Organismic and Evolutionary Biology
The University of Texas at Austin
I am an Assistant Professor at UT Austin in the Department of Geosciences. My students and I are involved with many paleontological, geobiological, and sedimentological projects; check out specific projects and facilities on our website: www.jsg.utexas.edu/martindale/
I am primarily interested in marine paleoecology and the geobiology of carbon cycle perturbation events (e.g. mass extinctions, ocean anoxic events, and ocean acidification events in deep time). My research also includes carbonate sedimentology and the paleontology/paleobiology of reef builders (e.g corals and sponges). I am currently working on the Pliensbachian/Toarcian reef crisis and Toarcian Ocean Anoxic Event from the Early Jurassic (~183 Ma). My doctoral research focused on the reef demise and extinction at the Triassic-Jurassic (T-J) boundary, which has been hypothesized to be an ocean acidification event caused by the rapid eruption of the Central Atlantic Magmatic Province and subsequent release of carbon dioxide. Extinction events, such as the Triassic/Jurassic, draw attention for their catastrophism; however, lesser extinction events can be just as interesting, particularly for resolving questions pertaining to species survival and ecosystem recovery. The Late Triassic and Early Jurassic events will help us understand what environmental conditions cause massive ecosystem collapse, and what conditions marine biota can survive. A large part of my research involves the study of Upper Triassic and Lower Jurassic reef ecosystems, the newly evolved scleractinian corals, and reef variations geographically and temporally. Another aspect of my research is Early Jurassic Lagerstatten, which preserves\ both pelagic and benthic communities across the Toarcian Ocean Anoxic Event. In future work, I am interested in combining my research on ancient ocean carbon cycle perturbations and extinctions with research on modern reef decline and stressors that inhibit the secretion of calcareous skeleton.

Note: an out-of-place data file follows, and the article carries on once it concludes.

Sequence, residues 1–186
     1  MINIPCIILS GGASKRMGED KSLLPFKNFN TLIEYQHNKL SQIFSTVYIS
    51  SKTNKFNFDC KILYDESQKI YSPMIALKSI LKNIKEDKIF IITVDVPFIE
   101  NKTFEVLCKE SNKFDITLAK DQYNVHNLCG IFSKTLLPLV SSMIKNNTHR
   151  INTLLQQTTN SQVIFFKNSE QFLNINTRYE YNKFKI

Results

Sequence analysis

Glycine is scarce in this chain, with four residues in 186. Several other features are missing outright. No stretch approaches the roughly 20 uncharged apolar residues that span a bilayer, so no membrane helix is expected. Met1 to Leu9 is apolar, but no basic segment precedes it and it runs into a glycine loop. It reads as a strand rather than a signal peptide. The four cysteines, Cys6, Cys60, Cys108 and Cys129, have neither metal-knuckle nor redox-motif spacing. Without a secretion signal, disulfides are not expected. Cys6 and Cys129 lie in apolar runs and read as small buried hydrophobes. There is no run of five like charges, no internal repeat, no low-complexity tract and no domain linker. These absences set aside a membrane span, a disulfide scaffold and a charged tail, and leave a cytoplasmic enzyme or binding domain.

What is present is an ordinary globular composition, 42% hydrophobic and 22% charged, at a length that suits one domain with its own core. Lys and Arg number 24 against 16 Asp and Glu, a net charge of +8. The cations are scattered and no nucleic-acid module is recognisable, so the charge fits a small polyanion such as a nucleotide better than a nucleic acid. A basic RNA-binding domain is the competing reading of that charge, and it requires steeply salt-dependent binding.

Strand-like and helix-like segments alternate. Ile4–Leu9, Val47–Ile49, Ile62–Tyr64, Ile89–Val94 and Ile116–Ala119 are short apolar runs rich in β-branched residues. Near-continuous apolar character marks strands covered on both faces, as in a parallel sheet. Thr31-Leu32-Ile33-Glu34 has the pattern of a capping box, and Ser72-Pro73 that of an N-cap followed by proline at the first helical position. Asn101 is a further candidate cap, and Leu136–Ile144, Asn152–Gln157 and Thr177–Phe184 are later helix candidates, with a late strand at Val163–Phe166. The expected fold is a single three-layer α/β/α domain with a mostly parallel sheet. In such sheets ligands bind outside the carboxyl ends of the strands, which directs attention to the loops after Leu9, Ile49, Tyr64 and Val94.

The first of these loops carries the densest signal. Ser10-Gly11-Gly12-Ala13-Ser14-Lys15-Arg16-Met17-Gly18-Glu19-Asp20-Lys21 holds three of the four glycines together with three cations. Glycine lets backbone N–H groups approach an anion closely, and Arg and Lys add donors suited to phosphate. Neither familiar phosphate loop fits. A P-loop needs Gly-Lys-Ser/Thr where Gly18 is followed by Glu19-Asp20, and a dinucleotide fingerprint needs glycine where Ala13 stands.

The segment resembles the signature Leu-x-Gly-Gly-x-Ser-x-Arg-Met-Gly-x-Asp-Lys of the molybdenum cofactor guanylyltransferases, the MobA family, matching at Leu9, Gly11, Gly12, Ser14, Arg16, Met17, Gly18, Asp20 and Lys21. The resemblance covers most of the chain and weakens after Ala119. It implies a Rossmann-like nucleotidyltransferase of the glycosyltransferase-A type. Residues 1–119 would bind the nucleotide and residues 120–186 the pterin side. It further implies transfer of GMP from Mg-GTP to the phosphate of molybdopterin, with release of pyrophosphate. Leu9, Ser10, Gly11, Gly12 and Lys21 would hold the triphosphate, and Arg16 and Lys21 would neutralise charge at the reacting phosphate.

Website Content Contributions
Taphonomy: Dead and Fossilized Board Game - High School Edition part of Teach the Earth:Teaching Activities
"Taphonomy: Dead and Fossilized" can be used as an active learning tool in a class or lab to promote understanding of Earth processes (Geology), deep time, fossils, and the history of life on Earth ...
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Conference Presentations (3)
Facilitating spaces of collaborative learning for geoconservation using a new board game, "Reef Survivor: Jamaica" part of Earth Educators Rendezvous:Previous Rendezvous:Rendezvous 2022:Program:Oral Sessions:Monday Oral Session A
"Reef Survivor: Jamaica" is an educational board game that incorporates elements of place-based education and Earth systems thinking to help players learn about reef ecology and resilience in the face of ...
The Impact of Educational Games on Learning, Engagement, and Equity in Geosciences part of Earth Educators Rendezvous:Previous Rendezvous:Rendezvous 2021:Program:Poster Sessions:Wednesday:Poster Session II
Incorporating play in classrooms has been shown to improve student learning (Griggs et al., 2009); however, the advantages may not be equal across all learners. Some studies have suggested that gender, ...
Learning outcomes of the educational board game Taphonomy: Dead and Fossilized, evaluated with high school learners in a summertime out-of-school program part of Earth Educators Rendezvous:Previous Rendezvous:Rendezvous 2020:Program:Oral Sessions:Oral Session I
Educational games are designed to help students retain educational material, gain a deeper understanding of concepts, and become innovative problem solvers. Like other active learning activities, games have been ...